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Apple receives backlash over threat to remove popular Amphetamine app

Amphetamine app store threat removal
(Image credit: Mac Rumors)

Apple has backtracked on threats to remove the popular app Amphetamine from the Mac App Store, having previously cited that naming and imagery connected to the application broke community guidelines. 

The developer William Gustafson was asked to update the app icon and name, otherwise it would be removed from the App Store on January 12.

Amphetamine is a free utility Mac app that allows users to set a time for their machine to remain awake, and is particularly useful for things like long downloads or keeping other apps running. It was launched back in 2014 and has proved extremely popular, currently sitting at over 430,000 downloads and a rating of 4.8 out of five.

Hard to swallow

Gustafson reported on Github that an Apple representative had been in contact to inform him that the app was in violation of guideline 1.4.3 related to consumption of tobacco and vape products, illegal drugs, or excessive amounts of alcohol. 

Gustafson argues that Amphetamine doesn't actually promote the use of illegal drugs, with the medication being widely prescribed by doctors for a variety of conditions in adults and children. He also went on to state that the community guidelines had been unfairly and inconsistently applied, with apps that do promote inadvisable or illegal drug use being found readily available for download on the App store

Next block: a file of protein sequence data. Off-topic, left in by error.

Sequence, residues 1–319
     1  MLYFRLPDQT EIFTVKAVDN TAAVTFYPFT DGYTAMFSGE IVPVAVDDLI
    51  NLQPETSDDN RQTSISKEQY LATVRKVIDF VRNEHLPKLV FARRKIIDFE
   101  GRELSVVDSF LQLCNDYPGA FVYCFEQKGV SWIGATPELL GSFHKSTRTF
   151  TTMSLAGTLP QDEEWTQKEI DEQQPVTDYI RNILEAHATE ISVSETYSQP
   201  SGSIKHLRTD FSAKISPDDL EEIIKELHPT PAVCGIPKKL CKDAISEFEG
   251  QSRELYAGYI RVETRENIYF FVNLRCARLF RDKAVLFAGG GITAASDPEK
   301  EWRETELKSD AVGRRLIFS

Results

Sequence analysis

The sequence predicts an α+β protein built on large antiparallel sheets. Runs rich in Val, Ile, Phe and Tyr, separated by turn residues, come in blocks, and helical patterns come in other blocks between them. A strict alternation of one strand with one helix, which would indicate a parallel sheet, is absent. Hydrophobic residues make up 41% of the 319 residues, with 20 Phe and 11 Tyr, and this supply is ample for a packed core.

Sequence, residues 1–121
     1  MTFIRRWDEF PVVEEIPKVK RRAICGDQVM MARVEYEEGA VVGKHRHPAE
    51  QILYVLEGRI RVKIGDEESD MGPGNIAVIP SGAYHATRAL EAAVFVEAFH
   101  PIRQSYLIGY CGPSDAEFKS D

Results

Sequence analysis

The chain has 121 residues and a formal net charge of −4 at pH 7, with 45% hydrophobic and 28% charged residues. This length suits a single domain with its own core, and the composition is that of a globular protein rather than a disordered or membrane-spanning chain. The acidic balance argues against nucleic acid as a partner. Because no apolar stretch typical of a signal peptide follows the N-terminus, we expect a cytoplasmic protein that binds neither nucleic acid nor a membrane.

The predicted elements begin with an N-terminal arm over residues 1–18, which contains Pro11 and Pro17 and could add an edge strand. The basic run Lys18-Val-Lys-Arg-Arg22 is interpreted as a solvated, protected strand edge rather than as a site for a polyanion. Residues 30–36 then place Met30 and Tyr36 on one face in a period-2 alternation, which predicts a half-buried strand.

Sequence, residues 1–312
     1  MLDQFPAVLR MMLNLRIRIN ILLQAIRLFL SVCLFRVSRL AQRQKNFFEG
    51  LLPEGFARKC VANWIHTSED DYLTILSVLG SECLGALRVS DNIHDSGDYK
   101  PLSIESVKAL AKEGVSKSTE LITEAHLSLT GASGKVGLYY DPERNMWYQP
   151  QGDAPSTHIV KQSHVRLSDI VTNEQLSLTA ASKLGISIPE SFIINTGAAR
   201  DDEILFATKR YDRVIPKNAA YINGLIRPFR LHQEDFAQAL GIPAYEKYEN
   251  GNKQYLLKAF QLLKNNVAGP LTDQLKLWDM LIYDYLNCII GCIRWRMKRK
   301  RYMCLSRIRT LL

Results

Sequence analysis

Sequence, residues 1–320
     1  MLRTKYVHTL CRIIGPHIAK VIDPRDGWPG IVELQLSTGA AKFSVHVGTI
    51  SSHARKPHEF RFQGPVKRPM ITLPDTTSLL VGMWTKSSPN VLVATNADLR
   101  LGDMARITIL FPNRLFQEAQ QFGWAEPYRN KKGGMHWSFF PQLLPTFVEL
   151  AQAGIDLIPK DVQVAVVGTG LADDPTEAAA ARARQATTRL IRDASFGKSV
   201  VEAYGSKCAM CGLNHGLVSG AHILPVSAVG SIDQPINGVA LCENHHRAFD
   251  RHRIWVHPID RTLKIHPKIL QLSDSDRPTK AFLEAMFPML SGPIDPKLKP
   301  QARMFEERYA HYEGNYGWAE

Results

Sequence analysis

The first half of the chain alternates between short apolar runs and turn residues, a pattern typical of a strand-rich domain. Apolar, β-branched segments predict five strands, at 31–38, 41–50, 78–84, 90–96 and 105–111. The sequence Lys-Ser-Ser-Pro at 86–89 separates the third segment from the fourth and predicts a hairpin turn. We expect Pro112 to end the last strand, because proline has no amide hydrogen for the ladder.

The full community guideline reads: "Apps that encourage consumption of tobacco and vape products, illegal drugs, or excessive amounts of alcohol are not permitted on the App Store. Apps that encourage minors to consume any of these substances will be rejected. Facilitating the sale of marijuana, tobacco, or controlled substances (except for licensed pharmacies) isn’t allowed."

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Following the contact, Gustafson set up a Change.org petition to save the Amphetamine app from removal, receiving 555 signatures before the request was overturned. 

Confusion has been expressed over why the demands were made at all, with the app being previously spotlighted in an App Store feature and Gustafson confirming frequent interactions with Apple representatives that had not made light of issues previously.

It's also unclear if any further action will be taken to improve the guideline application issues mentioned in his Github report, with several apps being named that outright glorify or promote irresponsible use of both legal and illegal substances.

Via MacRumors